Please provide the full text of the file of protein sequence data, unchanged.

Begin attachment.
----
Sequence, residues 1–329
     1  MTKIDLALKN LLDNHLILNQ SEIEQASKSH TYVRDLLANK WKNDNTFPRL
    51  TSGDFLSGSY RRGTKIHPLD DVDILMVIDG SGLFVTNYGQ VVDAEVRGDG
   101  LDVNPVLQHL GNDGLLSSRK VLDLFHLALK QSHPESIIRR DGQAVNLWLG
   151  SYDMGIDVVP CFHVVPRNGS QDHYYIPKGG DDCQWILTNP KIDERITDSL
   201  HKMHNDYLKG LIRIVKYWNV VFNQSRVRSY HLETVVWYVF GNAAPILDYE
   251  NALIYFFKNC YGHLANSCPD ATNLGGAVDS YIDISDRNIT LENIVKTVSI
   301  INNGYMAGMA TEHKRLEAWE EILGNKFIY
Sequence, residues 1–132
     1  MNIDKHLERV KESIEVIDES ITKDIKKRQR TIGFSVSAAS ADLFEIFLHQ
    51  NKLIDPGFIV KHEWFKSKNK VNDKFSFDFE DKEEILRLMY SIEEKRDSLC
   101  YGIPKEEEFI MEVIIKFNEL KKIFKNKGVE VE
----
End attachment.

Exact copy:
Sequence, residues 1–329
     1  MTKIDLALKN LLDNHLILNQ SEIEQASKSH TYVRDLLANK WKNDNTFPRL
    51  TSGDFLSGSY RRGTKIHPLD DVDILMVIDG SGLFVTNYGQ VVDAEVRGDG
   101  LDVNPVLQHL GNDGLLSSRK VLDLFHLALK QSHPESIIRR DGQAVNLWLG
   151  SYDMGIDVVP CFHVVPRNGS QDHYYIPKGG DDCQWILTNP KIDERITDSL
   201  HKMHNDYLKG LIRIVKYWNV VFNQSRVRSY HLETVVWYVF GNAAPILDYE
   251  NALIYFFKNC YGHLANSCPD ATNLGGAVDS YIDISDRNIT LENIVKTVSI
   301  INNGYMAGMA TEHKRLEAWE EILGNKFIY
Sequence, residues 1–132
     1  MNIDKHLERV KESIEVIDES ITKDIKKRQR TIGFSVSAAS ADLFEIFLHQ
    51  NKLIDPGFIV KHEWFKSKNK VNDKFSFDFE DKEEILRLMY SIEEKRDSLC
   101  YGIPKEEEFI MEVIIKFNEL KKIFKNKGVE VE